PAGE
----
[pdf version here: Daly-TeachingFiction]
[see the companion creative pieces here: “The Four Deaths of Mitchell Fish“]
My first magic trick as a new lecturer of creative writing was reappearing three days per week. I disappeared too, at the end of every class, but the students didn’t seem to impart this with the same mystique.
“Daly!” sometimes they would shout, or I would imagine them shouting, as I entered. In my younger life, I was always running, always late, so I may have encouraged them to see this as a magical act. And then I’d say, “Today we’re going to talk about Point of View,” or something like that. And we would. Not only would we talk about it: identify it, discuss its concealing and revealing qualities in selected works, practice it during writing heuristics, and in general start to build it into our lexicon, but the students would come to class having read the right chapter from Janet Burroway’s Writing Fiction: A Guide to Narrative Craft. Or maybe that day it was the chapter on character. By all accounts, they would be ready to wring every drop out of Character into their own writing. But this was not the slam dunk case, as many educators will understand. One goal of this essay is to discuss why this gap occurs and how to work through it.
The funny thing about Burroway’s text is that it is–or seems to me–unarguable in most regards. She says everything about character in fiction. And yet something is not there, something that can’t be measured at room temperature, as if the ghost in the machine rode out through a hidden door that opened only when the scientist-writer entered with her stethoscope and implements of vivisection. And I mean by this not to criticize her book, which I find brilliant, generous, and full. Plus, she’s smarter than me, so I would be a fool to go like that. Rather, I want to contribute to the conversation about teaching craft and form in undergraduate creative writing classes, particularly at the college introductory level, in a way which will run against the guidebook mentality of some creative writing teachers. This, even though I still find great use for guidebooks in my class. My experience thus far leads me to suggest that teaching creative writing with aspects of composition theory works best for a broader base of beginning writers; and that as an integrated act of form and craft rather than an as the collection and deployment of a series of formalist qualities in sequence (i.e. chapter after chapter), students may both grow their analytical abilities for literature and improve their own writing through intuitive production and revision.
Having taught with Burroway’s and Jerome Stern’s (Making Shapely Fiction) seminal fiction guides, I find that the problem is not in the texts. It’s in me and the students. If I presume to set them up with a text and ask them to read about craft elements separately (Chapter 2: Showing vs. Telling, Chapter 3: Character, etc.), they will usually read the elements of fiction as separate entities, no matter how many times I or Janet Burroway say that the elements are always woven together. Sequence plays a role as well; I can only ask them to read so much at a time, and in a multi-genre intro class, the timeline shrinks further. In this way, I believe an exhaustive text such as Burroway’s can be a mistake for the instructor of an intro class, preambles and forewords valuable as they are. Stern’s book has been somewhat better, and it poses its own risks, chiefly that it requires independent voyaging through a forest of cross-references if it is to make a dent on one’s thoughts about their own writing. Great for the self-starter, but difficult for someone who wants definition in their reading assignments. I created a structure for that which I can write about next issue, if anyone’s interested.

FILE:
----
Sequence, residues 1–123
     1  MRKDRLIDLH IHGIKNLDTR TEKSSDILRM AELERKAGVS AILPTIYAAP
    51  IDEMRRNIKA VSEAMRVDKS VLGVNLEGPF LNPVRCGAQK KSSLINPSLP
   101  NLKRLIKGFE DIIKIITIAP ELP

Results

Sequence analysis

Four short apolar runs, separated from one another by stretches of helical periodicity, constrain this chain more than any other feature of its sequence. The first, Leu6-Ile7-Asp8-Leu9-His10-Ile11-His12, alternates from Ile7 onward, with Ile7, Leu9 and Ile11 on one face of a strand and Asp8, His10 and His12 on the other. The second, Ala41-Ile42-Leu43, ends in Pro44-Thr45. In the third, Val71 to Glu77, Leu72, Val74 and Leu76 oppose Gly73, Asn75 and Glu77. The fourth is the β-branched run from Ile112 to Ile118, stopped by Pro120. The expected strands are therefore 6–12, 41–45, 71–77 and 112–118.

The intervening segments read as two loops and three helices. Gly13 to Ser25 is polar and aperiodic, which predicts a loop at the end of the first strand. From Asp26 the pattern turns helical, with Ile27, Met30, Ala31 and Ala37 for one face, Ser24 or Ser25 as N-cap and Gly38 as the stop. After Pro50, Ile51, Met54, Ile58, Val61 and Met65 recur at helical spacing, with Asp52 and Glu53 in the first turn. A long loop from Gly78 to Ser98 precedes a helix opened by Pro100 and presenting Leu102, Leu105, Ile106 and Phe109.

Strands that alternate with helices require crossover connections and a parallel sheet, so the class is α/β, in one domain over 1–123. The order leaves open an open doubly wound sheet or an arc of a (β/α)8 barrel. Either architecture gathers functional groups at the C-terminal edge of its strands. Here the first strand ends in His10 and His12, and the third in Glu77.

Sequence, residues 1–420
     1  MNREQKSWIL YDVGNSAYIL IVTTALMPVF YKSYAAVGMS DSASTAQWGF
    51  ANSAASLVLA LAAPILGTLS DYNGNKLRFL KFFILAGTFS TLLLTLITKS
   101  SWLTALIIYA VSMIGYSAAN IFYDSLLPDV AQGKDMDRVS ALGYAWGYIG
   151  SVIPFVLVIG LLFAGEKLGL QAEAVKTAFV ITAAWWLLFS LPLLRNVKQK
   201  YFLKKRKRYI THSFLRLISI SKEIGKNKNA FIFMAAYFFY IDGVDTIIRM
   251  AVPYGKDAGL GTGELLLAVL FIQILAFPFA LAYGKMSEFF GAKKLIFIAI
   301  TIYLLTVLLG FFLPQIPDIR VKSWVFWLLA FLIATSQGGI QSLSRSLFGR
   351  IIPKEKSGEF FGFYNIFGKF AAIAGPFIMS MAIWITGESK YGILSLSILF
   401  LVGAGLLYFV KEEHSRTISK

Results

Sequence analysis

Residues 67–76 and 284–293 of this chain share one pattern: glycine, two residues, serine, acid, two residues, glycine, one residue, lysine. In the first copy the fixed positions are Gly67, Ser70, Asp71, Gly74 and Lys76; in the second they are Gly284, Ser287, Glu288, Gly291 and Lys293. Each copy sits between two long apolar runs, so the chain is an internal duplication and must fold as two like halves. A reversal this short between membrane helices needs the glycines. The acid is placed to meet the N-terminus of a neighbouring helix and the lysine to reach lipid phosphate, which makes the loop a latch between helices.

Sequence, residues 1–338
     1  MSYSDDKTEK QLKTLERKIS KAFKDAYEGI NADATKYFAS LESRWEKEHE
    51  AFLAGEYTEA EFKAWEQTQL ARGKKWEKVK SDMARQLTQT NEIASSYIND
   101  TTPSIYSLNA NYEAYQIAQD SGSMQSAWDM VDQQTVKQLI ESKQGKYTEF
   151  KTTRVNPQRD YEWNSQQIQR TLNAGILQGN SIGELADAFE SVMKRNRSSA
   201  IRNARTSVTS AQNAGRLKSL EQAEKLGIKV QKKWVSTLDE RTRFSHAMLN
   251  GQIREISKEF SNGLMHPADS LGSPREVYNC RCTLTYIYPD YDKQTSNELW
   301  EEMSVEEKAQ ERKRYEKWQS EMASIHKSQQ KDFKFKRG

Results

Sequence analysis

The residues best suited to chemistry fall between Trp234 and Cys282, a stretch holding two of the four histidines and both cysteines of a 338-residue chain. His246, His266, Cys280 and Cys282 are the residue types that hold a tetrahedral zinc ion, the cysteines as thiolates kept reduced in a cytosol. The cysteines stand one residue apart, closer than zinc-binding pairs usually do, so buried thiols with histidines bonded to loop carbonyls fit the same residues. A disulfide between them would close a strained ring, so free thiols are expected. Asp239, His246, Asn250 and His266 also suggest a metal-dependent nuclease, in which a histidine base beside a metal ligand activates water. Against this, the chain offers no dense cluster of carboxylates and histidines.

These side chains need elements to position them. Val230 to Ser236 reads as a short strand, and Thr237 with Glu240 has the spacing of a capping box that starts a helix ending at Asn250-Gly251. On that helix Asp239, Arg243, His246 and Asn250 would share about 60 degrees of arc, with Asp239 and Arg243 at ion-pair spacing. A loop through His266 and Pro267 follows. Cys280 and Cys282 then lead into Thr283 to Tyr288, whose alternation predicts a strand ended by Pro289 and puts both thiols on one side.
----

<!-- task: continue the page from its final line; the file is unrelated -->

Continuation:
In an intro class environment composed mainly of students earning general education credits toward the arts, acts of reflection and metacognition are a dicey sell to an audience who may or may not have been hoping for an easy time, some poem and story writing, for example. I imagine they see it something like a curricular version of pork-barrel spending, or a bait-and-switch, or any sort of con, but these types of concepts are exactly what I aim to help the students discover in order to cross the gap between guidebook information and their own prose. I witness often students taking meager, riskless steps in their writing. These are the same students who think that whatever they write is a transcription of thought to paper, with no room for discovery or growth inheriting from one clause to the next and back. My thought is that if they can see that **every piece of writing has the craft elements we discuss, that it is born into language to use metaphor, surprise, syntax, style, etc., and that if each one of them can find what craft they are using unconsciously in their work and where it is in conflict with other factors of craft and narrative, then they can find their voice, so to speak, and dive into writing fresh prose. What I’ve seen in the students is impressive under this approach, and my course-teacher evaluations have become terrifically positive, a fact which I take as Exhibit A that I was wrong about students wanting an easy walk-over course.